LINDA WERTHEIMER, HOST:
Tomorrow is the last day members of the Academy of Television Arts and Sciences can vote on winners for the Emmy Awards. And this year, they'll choose from an unusual number of first-time nominees. NPR's TV critic, Eric Deggans, talked to some of these first-timers to find out what getting on the big list says about the new shape of the TV industry.
ERIC DEGGANS, BYLINE: Ask Constance Zimmer what it means to get her first Emmy nomination this year with an acting career that stretches back to the mid-'90s, and she might surprise you.
CONSTANCE ZIMMER: See, you're going to make me cry. I, like - my husband keeps saying, get all your crying out before you get on camera (laughter).
DEGGANS: That reaction is surprising because Zimmer has built a long career playing tough, unsentimental women on series like Marvel's "Agents Of S.H.I.E.L.D." and "House Of Cards." But the role that earned Zimmer her first Emmy nomination as best supporting actress in a drama was caustic reality TV producer Quinn King on Lifetime's "UnREAL."
(SOUNDBITE OF TV SHOW, "UNREAL")
ZIMMER: (As Quinn King) Let's go, people. Protect the wifeys (ph) Anna and Grace, and starve our villain, Britney, until she is mean like a pit bull. You get cash bonuses...
It's a true kind of milestone for me. And the fact that it's a milestone when I'm over 40 - they are writing more characters for women in television after their 40s 'cause that's when we really know what is going on.
DEGGANS: Years ago, there were so few quality roles, especially for women, Emmy voters often nominated the same people time and again. "Murphy Brown" star Candice Bergen famously stopped entering after winning five Emmys as best comedy actress. But this year, the TV academy has handed first-time nominations to experienced performers like Martin Mull, Keri Russell, "Mr. Robot" star Rami Malek and Zimmer. She credits the explosion of shows across broadcast cable and streaming for the change.
ZIMMER: There's so many more, you know, venues where you can be seen. You know, someone like Rami Malek, he's probably been working for years. But it's like you get that one part that gets enough buzz, that gets enough eyeballs, that people go, oh, this is incredible.
RAMI MALEK: Yeah, I'm glad I got it at the right time.
DEGGANS: That's Rami Malek, who appeared in TV shows like "24" and "The Pacific" before nabbing his first nomination this year as best actor in a drama on "Mr. Robot." Malek says great acting isn't always about big performances like the classic courtroom confrontation in "A Few Good Men."
MALEK: It's just an authenticity that sucks you into his world. It makes you almost forget what you're watching, that you're sitting in a theater or sitting on your couch. It's like a transcendent experience.
DEGGANS: Oscar winner Cuba Gooding Jr. got his first Emmy nod this year. He's nominated for best actor in a miniseries or movie playing O.J. Simpson in FX's anthology series, "American Crime Story." He says TV increasingly fills a role once held by a low-budget independent films where directors writers and actors stretch themselves creatively before moving up to big-budget movies.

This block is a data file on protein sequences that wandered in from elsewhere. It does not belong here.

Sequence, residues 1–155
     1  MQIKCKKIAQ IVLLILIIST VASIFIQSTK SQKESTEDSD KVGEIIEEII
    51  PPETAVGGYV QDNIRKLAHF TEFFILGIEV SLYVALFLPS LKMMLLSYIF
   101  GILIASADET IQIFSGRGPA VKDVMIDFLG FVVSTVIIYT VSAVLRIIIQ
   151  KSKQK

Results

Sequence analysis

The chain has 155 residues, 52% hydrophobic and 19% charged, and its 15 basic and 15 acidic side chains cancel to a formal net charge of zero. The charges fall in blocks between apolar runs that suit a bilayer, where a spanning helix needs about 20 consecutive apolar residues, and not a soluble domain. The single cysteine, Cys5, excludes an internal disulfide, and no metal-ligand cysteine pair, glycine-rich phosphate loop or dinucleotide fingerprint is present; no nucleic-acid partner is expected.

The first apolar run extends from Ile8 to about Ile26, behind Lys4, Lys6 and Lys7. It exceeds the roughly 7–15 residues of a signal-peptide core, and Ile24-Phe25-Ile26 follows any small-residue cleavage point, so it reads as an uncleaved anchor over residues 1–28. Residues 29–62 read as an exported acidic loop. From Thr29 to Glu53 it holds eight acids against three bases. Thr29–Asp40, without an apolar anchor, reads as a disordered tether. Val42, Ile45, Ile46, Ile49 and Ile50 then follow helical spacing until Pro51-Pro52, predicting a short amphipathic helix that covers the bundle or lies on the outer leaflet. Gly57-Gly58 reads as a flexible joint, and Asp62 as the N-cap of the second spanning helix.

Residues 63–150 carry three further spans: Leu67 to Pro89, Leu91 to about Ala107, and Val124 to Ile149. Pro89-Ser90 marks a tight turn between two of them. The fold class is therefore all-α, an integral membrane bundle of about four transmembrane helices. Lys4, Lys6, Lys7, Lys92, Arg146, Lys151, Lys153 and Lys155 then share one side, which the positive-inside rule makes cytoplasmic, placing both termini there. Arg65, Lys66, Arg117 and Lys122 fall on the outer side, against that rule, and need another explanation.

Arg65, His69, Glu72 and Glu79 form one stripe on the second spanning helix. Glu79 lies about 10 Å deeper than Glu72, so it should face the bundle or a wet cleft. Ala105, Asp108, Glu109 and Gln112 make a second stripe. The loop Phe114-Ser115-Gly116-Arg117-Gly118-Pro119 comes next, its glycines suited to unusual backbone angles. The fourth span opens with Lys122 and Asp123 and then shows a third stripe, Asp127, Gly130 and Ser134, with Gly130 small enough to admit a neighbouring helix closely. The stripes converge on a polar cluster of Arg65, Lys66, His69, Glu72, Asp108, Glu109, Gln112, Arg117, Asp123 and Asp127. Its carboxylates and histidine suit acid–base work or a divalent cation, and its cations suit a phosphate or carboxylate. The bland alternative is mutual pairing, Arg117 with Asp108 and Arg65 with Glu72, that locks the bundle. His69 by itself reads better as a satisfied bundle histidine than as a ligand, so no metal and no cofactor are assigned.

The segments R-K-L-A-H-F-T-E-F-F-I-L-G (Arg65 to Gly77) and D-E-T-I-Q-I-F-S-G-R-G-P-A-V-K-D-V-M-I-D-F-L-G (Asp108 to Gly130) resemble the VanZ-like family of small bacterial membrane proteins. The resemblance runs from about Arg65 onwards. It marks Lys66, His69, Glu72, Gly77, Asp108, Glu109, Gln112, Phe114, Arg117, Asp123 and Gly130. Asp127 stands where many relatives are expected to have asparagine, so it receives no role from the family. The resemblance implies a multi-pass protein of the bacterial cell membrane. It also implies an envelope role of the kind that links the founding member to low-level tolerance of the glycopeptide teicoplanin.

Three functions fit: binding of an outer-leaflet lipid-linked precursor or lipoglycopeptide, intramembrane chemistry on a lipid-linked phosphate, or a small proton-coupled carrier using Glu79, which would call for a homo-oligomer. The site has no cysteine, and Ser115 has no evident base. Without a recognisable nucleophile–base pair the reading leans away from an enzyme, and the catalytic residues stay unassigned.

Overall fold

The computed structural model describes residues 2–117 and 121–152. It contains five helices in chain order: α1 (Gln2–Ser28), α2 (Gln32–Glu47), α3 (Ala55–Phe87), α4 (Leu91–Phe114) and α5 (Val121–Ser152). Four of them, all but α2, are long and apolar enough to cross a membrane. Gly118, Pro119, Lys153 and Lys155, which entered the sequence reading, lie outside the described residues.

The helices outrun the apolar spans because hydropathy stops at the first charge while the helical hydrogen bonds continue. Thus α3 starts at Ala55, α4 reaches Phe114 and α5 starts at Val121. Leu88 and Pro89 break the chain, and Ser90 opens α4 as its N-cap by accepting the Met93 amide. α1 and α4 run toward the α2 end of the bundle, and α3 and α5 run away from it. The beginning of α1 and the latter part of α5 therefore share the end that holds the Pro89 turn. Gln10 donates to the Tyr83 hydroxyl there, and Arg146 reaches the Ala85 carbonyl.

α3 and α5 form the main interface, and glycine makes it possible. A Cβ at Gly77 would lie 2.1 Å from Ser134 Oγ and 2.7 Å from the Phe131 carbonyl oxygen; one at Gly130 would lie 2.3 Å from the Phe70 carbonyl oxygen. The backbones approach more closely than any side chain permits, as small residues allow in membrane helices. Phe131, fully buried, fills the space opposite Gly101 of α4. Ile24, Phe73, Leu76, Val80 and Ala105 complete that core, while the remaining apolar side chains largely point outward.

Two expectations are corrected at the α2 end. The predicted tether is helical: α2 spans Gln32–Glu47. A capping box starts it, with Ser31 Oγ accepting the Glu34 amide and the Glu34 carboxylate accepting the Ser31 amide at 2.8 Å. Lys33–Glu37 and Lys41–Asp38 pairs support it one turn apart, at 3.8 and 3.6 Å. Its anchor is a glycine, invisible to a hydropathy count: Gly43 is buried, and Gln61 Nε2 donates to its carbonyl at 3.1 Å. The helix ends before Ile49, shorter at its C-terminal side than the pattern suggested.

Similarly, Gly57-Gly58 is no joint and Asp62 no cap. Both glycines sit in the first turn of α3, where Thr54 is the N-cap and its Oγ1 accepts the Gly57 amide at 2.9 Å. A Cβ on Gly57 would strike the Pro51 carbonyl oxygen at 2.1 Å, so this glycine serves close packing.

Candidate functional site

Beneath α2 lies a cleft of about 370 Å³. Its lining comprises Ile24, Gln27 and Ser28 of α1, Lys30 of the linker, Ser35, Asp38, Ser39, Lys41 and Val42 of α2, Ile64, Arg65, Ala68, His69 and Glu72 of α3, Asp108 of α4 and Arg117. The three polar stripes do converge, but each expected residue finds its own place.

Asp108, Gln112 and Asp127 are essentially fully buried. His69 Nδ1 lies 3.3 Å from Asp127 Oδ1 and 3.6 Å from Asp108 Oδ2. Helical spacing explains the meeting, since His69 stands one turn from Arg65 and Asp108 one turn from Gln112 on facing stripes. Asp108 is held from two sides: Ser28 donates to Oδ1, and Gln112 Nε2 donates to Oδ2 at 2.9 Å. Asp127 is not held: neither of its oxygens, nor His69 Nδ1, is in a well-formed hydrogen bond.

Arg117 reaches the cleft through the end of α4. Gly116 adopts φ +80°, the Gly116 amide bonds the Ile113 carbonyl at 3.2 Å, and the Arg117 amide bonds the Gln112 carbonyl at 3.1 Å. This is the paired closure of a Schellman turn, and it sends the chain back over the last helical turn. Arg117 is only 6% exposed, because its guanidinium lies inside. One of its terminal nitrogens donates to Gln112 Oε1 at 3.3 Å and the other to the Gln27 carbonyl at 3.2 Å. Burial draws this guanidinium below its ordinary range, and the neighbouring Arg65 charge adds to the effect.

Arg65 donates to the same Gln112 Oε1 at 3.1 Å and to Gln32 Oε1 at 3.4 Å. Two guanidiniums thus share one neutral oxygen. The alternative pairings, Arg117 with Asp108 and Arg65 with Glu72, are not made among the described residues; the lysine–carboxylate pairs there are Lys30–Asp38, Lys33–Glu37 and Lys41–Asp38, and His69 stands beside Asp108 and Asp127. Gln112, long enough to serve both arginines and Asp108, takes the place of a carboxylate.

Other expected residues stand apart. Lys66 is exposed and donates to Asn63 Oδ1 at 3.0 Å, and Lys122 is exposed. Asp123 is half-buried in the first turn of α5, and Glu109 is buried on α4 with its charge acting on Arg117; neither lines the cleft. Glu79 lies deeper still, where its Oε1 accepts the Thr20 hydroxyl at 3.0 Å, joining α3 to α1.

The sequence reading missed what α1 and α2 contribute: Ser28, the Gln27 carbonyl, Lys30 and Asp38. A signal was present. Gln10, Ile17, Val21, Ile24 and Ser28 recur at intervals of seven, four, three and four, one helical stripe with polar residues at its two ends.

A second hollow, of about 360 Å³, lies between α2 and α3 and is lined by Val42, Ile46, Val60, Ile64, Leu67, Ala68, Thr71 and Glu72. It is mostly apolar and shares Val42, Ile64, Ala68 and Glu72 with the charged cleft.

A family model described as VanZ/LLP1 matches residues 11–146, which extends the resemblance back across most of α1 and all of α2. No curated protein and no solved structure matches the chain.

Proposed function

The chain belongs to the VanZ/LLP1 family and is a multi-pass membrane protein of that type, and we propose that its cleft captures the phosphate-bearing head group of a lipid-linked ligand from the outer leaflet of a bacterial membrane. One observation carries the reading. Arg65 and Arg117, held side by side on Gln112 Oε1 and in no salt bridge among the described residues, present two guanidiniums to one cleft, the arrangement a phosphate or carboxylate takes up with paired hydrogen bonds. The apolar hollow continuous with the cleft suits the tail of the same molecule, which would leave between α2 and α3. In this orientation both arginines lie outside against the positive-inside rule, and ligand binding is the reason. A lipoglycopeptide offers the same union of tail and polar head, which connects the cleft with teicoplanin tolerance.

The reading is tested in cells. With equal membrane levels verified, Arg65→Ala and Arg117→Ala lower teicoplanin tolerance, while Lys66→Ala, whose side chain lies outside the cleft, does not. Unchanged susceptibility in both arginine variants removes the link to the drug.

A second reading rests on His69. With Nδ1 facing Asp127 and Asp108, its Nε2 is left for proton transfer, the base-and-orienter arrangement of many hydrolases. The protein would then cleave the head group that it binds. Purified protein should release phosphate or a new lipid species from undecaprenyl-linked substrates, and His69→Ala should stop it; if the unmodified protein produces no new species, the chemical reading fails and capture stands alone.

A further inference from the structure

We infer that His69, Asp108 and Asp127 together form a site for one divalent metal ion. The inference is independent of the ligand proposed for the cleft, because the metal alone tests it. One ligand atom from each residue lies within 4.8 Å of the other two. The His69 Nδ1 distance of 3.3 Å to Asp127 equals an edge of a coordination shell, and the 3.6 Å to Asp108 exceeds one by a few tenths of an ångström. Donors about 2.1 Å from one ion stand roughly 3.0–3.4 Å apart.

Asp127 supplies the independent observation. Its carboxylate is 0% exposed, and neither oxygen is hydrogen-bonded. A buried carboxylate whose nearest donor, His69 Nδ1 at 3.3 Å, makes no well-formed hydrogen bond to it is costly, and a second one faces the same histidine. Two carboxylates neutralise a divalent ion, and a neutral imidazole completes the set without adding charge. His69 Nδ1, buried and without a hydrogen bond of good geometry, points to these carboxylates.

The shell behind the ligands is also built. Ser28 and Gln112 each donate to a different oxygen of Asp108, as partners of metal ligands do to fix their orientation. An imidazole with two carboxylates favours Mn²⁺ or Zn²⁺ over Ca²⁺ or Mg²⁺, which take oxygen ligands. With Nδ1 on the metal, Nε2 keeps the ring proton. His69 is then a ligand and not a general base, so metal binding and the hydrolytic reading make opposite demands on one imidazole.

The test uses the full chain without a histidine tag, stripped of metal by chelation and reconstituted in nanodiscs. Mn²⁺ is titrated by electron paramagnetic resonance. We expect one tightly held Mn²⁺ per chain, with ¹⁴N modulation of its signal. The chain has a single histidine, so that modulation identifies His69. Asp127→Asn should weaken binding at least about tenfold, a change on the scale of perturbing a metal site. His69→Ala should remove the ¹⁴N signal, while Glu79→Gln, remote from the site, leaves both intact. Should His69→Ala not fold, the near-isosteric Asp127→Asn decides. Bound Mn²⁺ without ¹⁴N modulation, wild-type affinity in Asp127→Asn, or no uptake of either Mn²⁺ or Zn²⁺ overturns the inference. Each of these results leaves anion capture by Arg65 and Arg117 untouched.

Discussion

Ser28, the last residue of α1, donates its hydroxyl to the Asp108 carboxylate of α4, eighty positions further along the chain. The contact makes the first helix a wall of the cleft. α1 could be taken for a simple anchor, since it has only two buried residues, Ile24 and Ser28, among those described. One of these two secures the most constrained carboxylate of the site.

CUBA GOODING JR.: Well, now you have those same scripts, but they're not sacrificing production values. They're going - and they're not, you know, truncated to a two-and-a-half-hour tale. They're eight hours. They're 10 hours. And you have the finances to get it right.
DEGGANS: Aziz Ansari earned first-time Emmy nods this year as an actor, director and writer for his series, "Master Of None," on Netflix. Although the show's praised for its depiction of non-white immigrants and their children, Ansari says the episode where his character struggles in a relationship with his live-in girlfriend was also a high point.
(SOUNDBITE OF TV SHOW, "MASTER OF NONE")
NOEL WELLS: (As Rachel) You think that I'm living in your place.
AZIZ ANSARI: (As Dev) No.
WELLS: (As Rachel) Fine, you know what? I'll clean up the floor. Great. You know what? I'll be your maid. Oh, sorry, sir, you're here? I heard you want the floor clean.
ANSARI: (As Dev) Whatever accent you were just doing is very offensive. So you're a racist boo and a dirty boo.
WELLS: (As Rachel) Oh my god.
ANSARI: A lot of times there's a focus on the diversity and the cultural aspects of it. But the romantic arcs in our season, I think I'd put it up against anything. And we did have white people on our show that did a great job (laughter).
DEGGANS: Emmy winners will be announced on September 18. If more than a few newcomers convert their nominations into wins, it'll be an important sign that TV's establishment has recognized a fresh crop of trailblazers in television's new golden age. I'm Eric Deggans.
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